Join the ECC community for dinner and an opportunity to listen, learn and engage in dialogue with King County Councilmember Larry Gossett, former student activist and one of the founders of the Black Student Union at the UW. As a student activist he fought to eliminate racial discrimination and increase the enrollment for students of color. Mr. Gossett – also known as “one of Seattle’s best known young black radicals” – was instrumental in bringing programs like the Educational Opportunity Program and creating a space for underrepresented students at the Ethnic Cultural Center. Join us as we celebrate and stand strong for 45 years in the Nation’s largest ethnic cultural center on a university campus. As we celebrate Martin Luther King’s birthday week, let’s appreciate the unity in our communities, past activists who paved the way, and those who continue to unite and serve our communities like Councilmember Gossett. Students and UW community are welcome to attend the dinner and discussion with Councilmember Gossett.

Thursday, January 19

Race and the Legacy of Dr. King, Vol. 3 / 5:00 p.m. – 6:30 p.m. / Kelly Ethnic Cultural Center

This event is a collaboration between UW Tri-Campus Black Student Unions and The Brothers of Alpha Phi Alpha Fraternity, Inc.

Mainstream descriptions of Martin Luther King, Jr. tell an incomplete narrative.  The neglect of his Black-centric ideology that led to his assassination ignore a crucial part of his existence. In the eyes of America, he was still Black first.  Join us in our this installment of the legacy of Dr. King, Jr.

Friday, January 20

Conversations for Health Equity / 10 a.m. – 6:30 p.m. / UW Hogness Auditorium and Lobby

This event is put on by the UW School of Nursing  & UW Medicine Center for Equity, Diversity and Inclusion. RSVP requested.

Join us for a day of dialogue with community leaders and social justice advocates. Presentations by Washington Supreme Court Justice Mary Yu and Dr. Ben Danielson, Odessa Brown Children’s Clinic medical director. Talks about promoting health equity, coalition building and current topics affecting healthcare. Self-care activities, including guided meditation and stress-reduction projects. The event is free and open to the public. Light refreshments will be provided.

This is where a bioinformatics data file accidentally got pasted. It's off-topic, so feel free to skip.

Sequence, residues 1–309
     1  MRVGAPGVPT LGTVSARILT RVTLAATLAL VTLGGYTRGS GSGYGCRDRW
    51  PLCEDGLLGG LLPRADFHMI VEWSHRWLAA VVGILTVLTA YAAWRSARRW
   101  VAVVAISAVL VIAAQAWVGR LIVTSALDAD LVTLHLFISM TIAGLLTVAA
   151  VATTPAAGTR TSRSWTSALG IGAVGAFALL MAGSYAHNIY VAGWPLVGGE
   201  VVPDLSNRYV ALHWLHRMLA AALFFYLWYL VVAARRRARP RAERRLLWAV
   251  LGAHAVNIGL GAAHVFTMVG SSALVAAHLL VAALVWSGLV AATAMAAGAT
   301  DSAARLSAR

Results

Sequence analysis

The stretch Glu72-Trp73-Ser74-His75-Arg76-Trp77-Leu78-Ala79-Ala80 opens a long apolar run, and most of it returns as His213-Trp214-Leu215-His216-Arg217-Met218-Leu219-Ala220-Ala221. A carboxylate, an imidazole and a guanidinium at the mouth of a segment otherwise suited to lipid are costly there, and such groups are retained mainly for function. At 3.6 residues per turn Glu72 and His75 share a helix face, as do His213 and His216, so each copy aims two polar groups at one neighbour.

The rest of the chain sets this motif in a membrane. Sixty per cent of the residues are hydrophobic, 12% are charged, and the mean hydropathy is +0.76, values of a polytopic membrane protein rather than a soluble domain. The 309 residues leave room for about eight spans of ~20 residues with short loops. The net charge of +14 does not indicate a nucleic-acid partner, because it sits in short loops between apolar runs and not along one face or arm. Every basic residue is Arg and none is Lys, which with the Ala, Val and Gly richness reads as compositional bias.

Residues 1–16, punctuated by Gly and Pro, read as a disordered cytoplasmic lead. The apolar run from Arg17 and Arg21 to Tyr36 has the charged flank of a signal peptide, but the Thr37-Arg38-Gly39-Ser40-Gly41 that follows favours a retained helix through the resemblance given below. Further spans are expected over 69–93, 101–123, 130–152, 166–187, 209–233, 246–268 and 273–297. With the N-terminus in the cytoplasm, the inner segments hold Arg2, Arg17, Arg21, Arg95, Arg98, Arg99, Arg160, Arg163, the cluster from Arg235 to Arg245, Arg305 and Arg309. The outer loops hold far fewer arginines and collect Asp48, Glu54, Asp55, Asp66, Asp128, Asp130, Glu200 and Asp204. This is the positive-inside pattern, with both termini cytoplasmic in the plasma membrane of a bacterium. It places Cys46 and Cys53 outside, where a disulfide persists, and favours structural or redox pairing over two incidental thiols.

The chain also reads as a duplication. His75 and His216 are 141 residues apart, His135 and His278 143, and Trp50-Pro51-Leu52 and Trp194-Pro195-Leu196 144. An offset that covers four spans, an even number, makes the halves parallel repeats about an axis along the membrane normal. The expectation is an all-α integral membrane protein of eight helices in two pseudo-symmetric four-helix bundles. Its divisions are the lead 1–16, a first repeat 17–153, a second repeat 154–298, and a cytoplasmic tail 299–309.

Praxis Conference / 9 a.m. – 3 p.m. / Haggett Hall

This event is put on by the UW Department of English. RSVP required.

Praxis is an annual interdisciplinary conference on writing instruction for the University of Washington community. Drawing on the activist educator Paulo Freire’s conception of praxis as the intersection of theory and practice, faculty, staff, students, instructors, community partners, and others are welcome to participate. Varied insights help to enrich both our local/situated and broader understandings of writing, teaching, and learning practices. It is also a forum for making and continuing such conversations and connections across and beyond campus.

Kathleen Cleaver / 7 p.m. / Kelly ECC Unity Suite

MLK Week Signature Event

Kelly Ethnic Cultural Center and Seattle Office of Civil Rights Race and Social Justice Initiative’s “The World We Want Now Speaker Series” Present, “A Dynamic Discussion with Kathleen Cleaver”

With support from the following offices: Student Life, Undergraduate Academic Affairs, REI, OMA&D, UW Law School Diversity Committee, Center for Communication, Difference and Equity, Husky Union Building, College of the Environment, ASUW Graduate and Professional Student Senate, UW Department of Political Science and the Gates Public Service Law Program.

Kathleen Cleaver has spent her life participating in the human rights struggle.  She started alongside her parents in the 1950’s civil rights protests in Alabama. By 1966, Kathleen Neal dropped out of Bernard College in New York to join the Student Nonviolent Coordinating Committee (SNCC) where she served in its Campus Program based in Atlanta.  She then moved to the San Francisco Bay Area and from 1967 to 1971 she was the first Communications Secretary of the Black Panther Party.  The last time she visited the University of Washington campus was in 1968 when she spoke at the Resistance Teach-In at the Husky Union Building.

Tickets are available at the ECC front desk or by emailing  The event is limited to current students, staff and faculty of the University of Washington.  Only one ticket per person and a ticket is required to enter the event and doors open at 6:30pm.  For more information, visit Huskylinks.